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We provide links to articles we think will be of interest to our supporters, informing them of issues, events, debates and the wider context of the conflict. We are sympathetic to much of the content of what we post, but not to everything. The fact that something has been linked to here does not necessarily mean that we endorse the views expressed in it.
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Leon Rosselson, letter to the Guardian, 28 July 2014

“Before the current round of violence, the West Bank had been relatively quiet for years,” writes Jonathan Freedland (Israel’s fears are real, but this war is utterly self-defeating, 26 July). According to B’Tselem, the Israeli human rights centre, 90 West Bank Palestinians were killed, 16 of them children, by the IDF or by settlers between January 2009 and May 2014. According to the UN Office for the Coordination of Humanitarian Affairs, there have been 2,100 settler attacks since 2006, involving beatings, shootings, vandalising schools, homes, mosques, churches and destroying olive groves. According to Amnesty International, between January 2011 and December 2013, Israeli violence resulted in injuries to 1,500 Palestinian children. “Relatively quiet” for whom?
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Posts

Say we’re a Jewish state demands Netanyahu — it’s not about land


Israeli wall built on Palestinian land occupied since 1967 — it’s not about land says Netanyahu. Photo by Tamar Fleishman

Israel PM Says ‘Conflict Not about Territory’

By Palestine Chronicle
May 02 2013

Israel’s prime minister says the conflict with the Palestinians is not about territory, rather the Palestinians’ refusal to recognize Israel as the Jewish homeland, appearing to counter a modified peace proposal from the Arab world.

Benjamin Netanyahu has not commented directly on the Arab League’s latest initiative, but his words on Wednesday questioned its central tenet, the exchange of captured land for peace.

The original 2002 Arab initiative offered a comprehensive peace between Israel and the Muslim world in exchange for a withdrawal from all territories Israel captured in the 1967 Middle East war.

Sweetening the offer this week, the Arab sponsor said final borders could be drawn through mutually agreed land swaps.

Netanyahu questioned the premise that borders are the key.

“The root of the conflict isn’t territorial. It began way before 1967,” he told Israeli diplomats.

“The Palestinians’ failure to accept the state of Israel as the nation-state of the Jewish people is the root of the conflict. If we reach a peace agreement, I want to know that the conflict won’t continue, that the Palestinians won’t come later with more demands.”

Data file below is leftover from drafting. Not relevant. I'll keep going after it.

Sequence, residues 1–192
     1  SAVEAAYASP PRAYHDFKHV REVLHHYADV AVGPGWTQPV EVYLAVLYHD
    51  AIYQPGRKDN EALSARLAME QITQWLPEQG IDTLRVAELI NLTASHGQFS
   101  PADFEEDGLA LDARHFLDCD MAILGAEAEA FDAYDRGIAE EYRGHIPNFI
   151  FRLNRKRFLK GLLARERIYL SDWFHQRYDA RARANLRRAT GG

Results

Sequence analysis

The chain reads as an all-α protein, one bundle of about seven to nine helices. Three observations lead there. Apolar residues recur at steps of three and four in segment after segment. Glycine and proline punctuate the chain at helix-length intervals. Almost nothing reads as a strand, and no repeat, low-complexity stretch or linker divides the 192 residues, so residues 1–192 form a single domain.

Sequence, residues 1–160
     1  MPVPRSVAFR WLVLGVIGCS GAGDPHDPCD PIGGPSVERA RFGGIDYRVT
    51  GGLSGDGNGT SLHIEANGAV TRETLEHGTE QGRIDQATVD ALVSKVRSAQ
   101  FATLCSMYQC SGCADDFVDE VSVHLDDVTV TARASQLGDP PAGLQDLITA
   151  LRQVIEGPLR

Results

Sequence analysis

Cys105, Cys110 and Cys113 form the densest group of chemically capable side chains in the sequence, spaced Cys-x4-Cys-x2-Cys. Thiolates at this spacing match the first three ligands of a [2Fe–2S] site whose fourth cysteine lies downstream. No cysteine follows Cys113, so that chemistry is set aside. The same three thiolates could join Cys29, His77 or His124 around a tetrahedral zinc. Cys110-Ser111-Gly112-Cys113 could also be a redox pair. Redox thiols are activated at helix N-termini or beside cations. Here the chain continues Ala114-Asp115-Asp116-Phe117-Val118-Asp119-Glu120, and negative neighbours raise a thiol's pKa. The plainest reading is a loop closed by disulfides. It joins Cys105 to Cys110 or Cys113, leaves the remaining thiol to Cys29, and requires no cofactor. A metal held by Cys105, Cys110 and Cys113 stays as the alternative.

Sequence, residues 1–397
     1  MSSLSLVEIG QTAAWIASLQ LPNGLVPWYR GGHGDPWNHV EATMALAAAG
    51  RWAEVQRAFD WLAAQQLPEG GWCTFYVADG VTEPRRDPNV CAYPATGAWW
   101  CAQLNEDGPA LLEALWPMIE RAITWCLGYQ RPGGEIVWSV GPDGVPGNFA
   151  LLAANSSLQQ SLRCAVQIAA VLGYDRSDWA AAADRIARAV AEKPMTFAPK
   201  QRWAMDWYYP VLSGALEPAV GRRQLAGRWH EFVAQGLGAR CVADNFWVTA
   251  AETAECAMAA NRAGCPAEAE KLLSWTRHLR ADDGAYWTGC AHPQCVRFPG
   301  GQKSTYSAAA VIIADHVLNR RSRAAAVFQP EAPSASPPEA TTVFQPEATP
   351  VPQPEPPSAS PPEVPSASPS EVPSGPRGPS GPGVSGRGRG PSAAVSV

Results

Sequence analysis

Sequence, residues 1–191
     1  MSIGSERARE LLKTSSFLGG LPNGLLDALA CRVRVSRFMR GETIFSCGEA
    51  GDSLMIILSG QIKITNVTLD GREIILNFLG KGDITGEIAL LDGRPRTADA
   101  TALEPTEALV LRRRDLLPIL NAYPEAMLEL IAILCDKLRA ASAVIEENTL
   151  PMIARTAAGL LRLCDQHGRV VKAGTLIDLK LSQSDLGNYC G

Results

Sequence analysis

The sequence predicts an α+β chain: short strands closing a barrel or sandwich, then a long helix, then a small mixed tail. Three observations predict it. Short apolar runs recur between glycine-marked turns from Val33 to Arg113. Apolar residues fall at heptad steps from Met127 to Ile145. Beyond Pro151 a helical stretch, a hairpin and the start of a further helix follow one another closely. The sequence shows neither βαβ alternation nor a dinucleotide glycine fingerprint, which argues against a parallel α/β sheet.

Fate of Refugees
The Palestinians have rejected Netanyahu’s demand to recognise Israel as a Jewish state, saying it would undermine the rights of Israel’s Arab minority as well as millions of refugees scattered throughout the world whose families lost properties during the war surrounding Israel’s establishment in 1948.

The fate of the refugees is a core issue that would need to be resolved as part of a final peace deal.

Though Netanyahu’s office has remained silent on the modified Arab proposal, his chief peace negotiator, Justice Minister Tzipi Livni, has welcomed it, as have Israel’s president and the main opposition parties.

It’s not about land: An Israeli flag fluttering over a view of the West Bank Jewish settlement of Ofra. Photo by  Reuters

However, Netanyahu’s own political base and one of his main government coalition partners are either opposed to giving up land or suspicious of the Arabs’ motivations.

Qatari Prime Minister Sheikh Hamad bin Jassem Al Thani tried to allay some of the Israeli concerns as he presented the offer on Monday.

‘Comparable’ Land Swaps
Speaking on behalf of an Arab League delegation, Hamad reiterated the need to base an agreement between Israel and a future Palestine on the 1967 lines, but for the first time, he cited the possibility of “comparable”, mutually agreed and “minor” land swaps between the Israelis and the Palestinians.

John Kerry, US secretary of state, called the new peace plan a “very big step forward”.

Palestinian officials were cool to the concept.

The original 2002 Arab peace initiative offered Israel peace with the entire Arab world in exchange for a “complete withdrawal” from territories captured in the 1967 Middle East war.

The Palestinians claim the West Bank, East Jerusalem and the Gaza Strip, all seized by Israel in 1967, for their future state.

Israel unilaterally withdrew from Gaza in 2005.

(Agencies and AlJazeera.com)

Link

See Land swaps – deal-breaker or deal-maker for several articles on this issue.

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